A huge federal trial of personalized cancer medicine has run into an unexpected roadblock: Many of the tumor samples aren’t robust enough to be put through genetic analysis.
The samples, taken from patients with advanced cancer, were collected by doctors in hundreds of clinics nationwide. When researchers checked them, they found as many as 1 in 5 didn’t have enough malignant cells to analyze, in most cases because the biopsy had been poorly done.
The glitch raises troubling questions about the new era of precision medicine.
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Biopsies done in rural or community centers were more likely to be shoddy. Those patients’ tumors couldn’t be analyzed and they couldn’t be matched with medicines targeted at their specific genetic mutations.
And that suggests that access to the most advanced, customized cancer treatments might be highly unequal — and dependent on the quality of the local doctors performing biopsies.
“We’ve seen a real dynamic in the quality of the tissue samples,” said trial investigator Dr. Kurt Oettel, an oncologist at the Gundersen Health System, which serves counties in Wisconsin, Iowa, and Minnesota. “It’s posed a big challenge, and I think it’s a new learning curve for everybody.”
The MATCH trial, launched last August by the National Cancer Institute, is billed as “the largest, most scientifically rigorous precision medicine cancer trial to date.” It’s part of the Obama administration’s $215 million Precision Medicine Initiative, aimed at driving a revolution in health care by customizing treatment to a patient’s genetic makeup.
The study started off with a bang, signing up close to 800 patients at breakneck speed on its way to a goal of 3,000 recruits. Then, in November, investigators halted the trial, which is expected to cost at least $30 million.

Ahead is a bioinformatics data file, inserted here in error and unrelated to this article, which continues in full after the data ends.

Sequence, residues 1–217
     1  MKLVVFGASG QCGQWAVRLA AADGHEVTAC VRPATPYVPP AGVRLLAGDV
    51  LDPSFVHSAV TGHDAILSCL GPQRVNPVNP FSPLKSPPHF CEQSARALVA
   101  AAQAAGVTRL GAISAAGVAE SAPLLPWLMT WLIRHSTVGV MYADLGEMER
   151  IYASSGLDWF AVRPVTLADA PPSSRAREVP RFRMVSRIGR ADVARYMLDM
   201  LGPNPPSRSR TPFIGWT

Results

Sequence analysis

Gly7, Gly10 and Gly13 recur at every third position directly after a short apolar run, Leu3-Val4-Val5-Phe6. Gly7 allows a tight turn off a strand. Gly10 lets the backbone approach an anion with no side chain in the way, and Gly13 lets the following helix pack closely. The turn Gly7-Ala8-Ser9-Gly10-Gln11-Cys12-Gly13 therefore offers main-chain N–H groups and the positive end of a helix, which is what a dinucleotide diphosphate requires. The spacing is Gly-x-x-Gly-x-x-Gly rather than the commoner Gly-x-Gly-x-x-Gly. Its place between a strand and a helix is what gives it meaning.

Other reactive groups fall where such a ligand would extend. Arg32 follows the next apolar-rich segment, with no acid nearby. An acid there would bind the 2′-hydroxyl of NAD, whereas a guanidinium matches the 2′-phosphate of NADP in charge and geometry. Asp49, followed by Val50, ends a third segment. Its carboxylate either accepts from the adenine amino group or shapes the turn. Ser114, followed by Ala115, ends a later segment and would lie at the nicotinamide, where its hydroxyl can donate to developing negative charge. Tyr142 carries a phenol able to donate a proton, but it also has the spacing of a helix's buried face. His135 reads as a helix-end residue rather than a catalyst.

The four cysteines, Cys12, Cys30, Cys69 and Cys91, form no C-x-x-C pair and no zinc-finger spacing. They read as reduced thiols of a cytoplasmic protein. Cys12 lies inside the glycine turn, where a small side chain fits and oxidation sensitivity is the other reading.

Researchers said they’d always planned the pause to take stock of how the study was going. But Dr. Keith Flaherty, the oncologist who is leading the trial, didn’t expect the interim analysis to reveal such stark and frequent quality concerns in the biopsy samples.
Shoddy biopsies leave patients scrambling
The protocol calls for tiny bits of tumor to be collected and shipped off to a central lab for DNA extraction. Doctors use a hollow needle to withdraw thin tubes of cancer tissue about the diameter of mechanical pencil lead and an inch or so in length.
The trial investigators are supposed to gather four such tissue “cores” from each patient. Many times, however, the technicians at the central lab at the MD Anderson Cancer Center in Houston would open tissue shipments to find they had received only one or two. And even when there were enough cores, the samples were often of poor quality, containing very few tumor cells.
Overall, 10 to 20 percent of the samples did not yield enough cancer tissue for DNA testing, Flaherty said. More often than not, he found, these subpar biopsies came from smaller, more rural treatment centers, though many did come from major academic research hospitals.